The following tribute to the late Gerard Sharkey, a final year Parade College student of 1959, was recently brought to the attention of the Association by Pat McNamara (1957) and can be reproduced here with the kind permission of VicRoads Association.

Gerard Sharkey died on 12 January 2018 after a long illness. Gerry was a quiet and humble man not given in any way to blowing his own trumpet and yet his life’s achievements were formidable – as a loving and caring family man, as an engineer, as an army officer and as a planner and VCAT member.

Gerry was born on 11 September 1941. When he was young, his family moved to Mansfield where his father, Frank, was the Shire Engineer. They eventually moved to Heidelberg and Gerry attended the Christian Brothers in Clifton Hill from 1951-52, and then Parade College in East Melbourne in 1953 from where he matriculated in 1959. He studied Civil Engineering at RMIT and on graduation went to work at the Country Roads Board. Whilst studying, he worked as a tram conductor, a postman and at Buckley and Nunn.

Gerry met Susan who was to become his wife in 1964 and they married in 1971. Following their wedding, Gerry was transferred to Traralgon where their two eldest sons, Daniel and Joshua were born. Naomi, Michael and Benjamin were born in Melbourne after their return to the Burke Road house in 1977.

Gerry continued to study. In addition to his Fellowship Diploma in Civil Engineering from RMIT, he obtained a Bachelor of Commerce degree from the University of Melbourne, a Graduate Diploma in Urban Policy and Planning from RMIT, a Master of Social Science majoring in environment and planning from RMIT and a Masters in Theology from the University of Divinity. He was also an accredited mediator and a CPA.

When Gerry died, he was three years into research of the Irish Catholic Church in Australia for his PhD. His PhD supervisor observed that he was, “a very diligent and conscientious researcher, (even through illness), with a great love of Australian history. He wrote elegantly and with insight”.

Gerry’s engineering career spanned from the Country Roads Board and the Road Construction Authority to VicRoads. He was involved in the planning, design and construction of many freeways, roads and bridges Victoria especially in Gippsland. He eventually became the Right of Way Engineer managing the acquisition of property for all the organisation’s road projects. Whenever he knew of someone whose land was being compulsorily acquired, Gerry always made himself available to personally talk to the people affected.

Gerry also worked in the Department of Premier and Cabinet for a period.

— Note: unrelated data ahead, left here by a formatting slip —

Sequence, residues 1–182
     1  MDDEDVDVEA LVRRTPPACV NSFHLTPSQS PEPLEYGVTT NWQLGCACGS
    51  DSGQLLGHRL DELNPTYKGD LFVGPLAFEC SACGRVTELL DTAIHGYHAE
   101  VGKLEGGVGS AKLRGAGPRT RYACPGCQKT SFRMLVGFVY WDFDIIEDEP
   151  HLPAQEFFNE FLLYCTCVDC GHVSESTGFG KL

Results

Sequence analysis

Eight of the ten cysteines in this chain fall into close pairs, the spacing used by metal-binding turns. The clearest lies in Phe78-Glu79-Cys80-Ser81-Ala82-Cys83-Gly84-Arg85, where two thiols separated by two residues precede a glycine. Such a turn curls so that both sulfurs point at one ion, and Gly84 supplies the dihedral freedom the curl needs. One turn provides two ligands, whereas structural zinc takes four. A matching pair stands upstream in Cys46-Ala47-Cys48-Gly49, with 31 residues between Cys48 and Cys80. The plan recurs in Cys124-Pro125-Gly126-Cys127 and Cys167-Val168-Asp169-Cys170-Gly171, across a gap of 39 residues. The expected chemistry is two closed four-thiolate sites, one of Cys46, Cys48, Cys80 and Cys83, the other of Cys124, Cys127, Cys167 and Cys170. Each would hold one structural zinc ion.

He also had a long association with the Royal Australian Engineers, reaching the rank of Major before he transferred across to the Pay Corps where he attained the rank of Lieutenant Colonel. Some of the RAE Squadrons that Gerry served in were 104, 107 (where he was OC), 203 and 22 Regiment. In all he contributed over 30 years to his military career most of which was as an Engineer.

After he retired from VicRoads, he was appointed to the Administrative Appeals Tribunal, later the Victorian Civil and Administrative Tribunal. He commenced as a member and later rose to senior member. In his time at VCAT, Gerry predominantly heard planning cases, but sat on multiple lists. He said that his time at VCAT was the highlight of his professional life. During his time at VCAT, and after, Gerry mentored and supported lawyers and barristers who appeared before him. Because of the many fine barristers he met, he was proud to see his son, Michael, called to the Bar. He had great pleasure in giving him his robes at his signing of the Bar Roll.

Gerry enjoyed travel in Australia and abroad – especially to Ireland to trace the Sharkey family roots. He once had a tour through the Vatican with Tim Fisher, the former Deputy Prime Minister of Australia and the Ambassador to the Holy See at the time. On one of his many trips to Ireland 20 years ago Gerry took it upon himself to visit An Bord Pleanála, an Irish institution like VCAT – a statutory, quasi-judicial planning appeals tribunal. According to the then Chief Officer of the Board, Paul Mullally, Gerry simply called into the offices, unannounced, and asked to meet someone there. Paul says that fortunately it was him. Paul and Gerry became great friends and corresponded regularly, and Paul said that some planning provisions and procedures in Ireland were amended as a result of Gerry’s advice.

Gerry was diagnosed with a serious form of Amyloidosis almost 15 years ago, and was given four months to a year to live. 2017 was a difficult year for Gerry’s health. He was hospitalized six times and his health gradually deteriorated. Over the last two years his illness progressed to the extent that Susan devoted herself to caring for and nursing him on a 24-hour basis at home or at their house at Rosebrook near Port Fairy. The Sharkey family has a long history in Rosebrook going back over one hundred and fifty years. Gerry’s grandparents settled there in the road that now bears the family name.

We were incredibly privileged to have him as a friend and colleague.